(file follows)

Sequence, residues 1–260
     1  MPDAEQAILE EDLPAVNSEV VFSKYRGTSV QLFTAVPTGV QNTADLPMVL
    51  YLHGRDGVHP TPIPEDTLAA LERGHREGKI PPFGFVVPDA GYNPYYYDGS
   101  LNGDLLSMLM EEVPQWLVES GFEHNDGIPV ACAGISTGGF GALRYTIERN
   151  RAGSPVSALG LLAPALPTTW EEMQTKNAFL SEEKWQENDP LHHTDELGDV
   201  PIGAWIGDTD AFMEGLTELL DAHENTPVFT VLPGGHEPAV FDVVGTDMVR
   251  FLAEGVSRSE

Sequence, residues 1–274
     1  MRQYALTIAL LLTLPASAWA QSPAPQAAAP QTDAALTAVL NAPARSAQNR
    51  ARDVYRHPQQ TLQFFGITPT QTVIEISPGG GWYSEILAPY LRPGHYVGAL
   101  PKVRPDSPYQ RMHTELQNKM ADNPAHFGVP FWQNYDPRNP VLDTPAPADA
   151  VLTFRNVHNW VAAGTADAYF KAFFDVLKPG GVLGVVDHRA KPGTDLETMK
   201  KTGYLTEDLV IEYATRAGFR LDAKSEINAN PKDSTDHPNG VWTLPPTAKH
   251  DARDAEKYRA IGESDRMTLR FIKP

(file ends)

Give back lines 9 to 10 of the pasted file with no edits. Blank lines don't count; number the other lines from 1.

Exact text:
     1  MRQYALTIAL LLTLPASAWA QSPAPQAAAP QTDAALTAVL NAPARSAQNR
    51  ARDVYRHPQQ TLQFFGITPT QTVIEISPGG GWYSEILAPY LRPGHYVGAL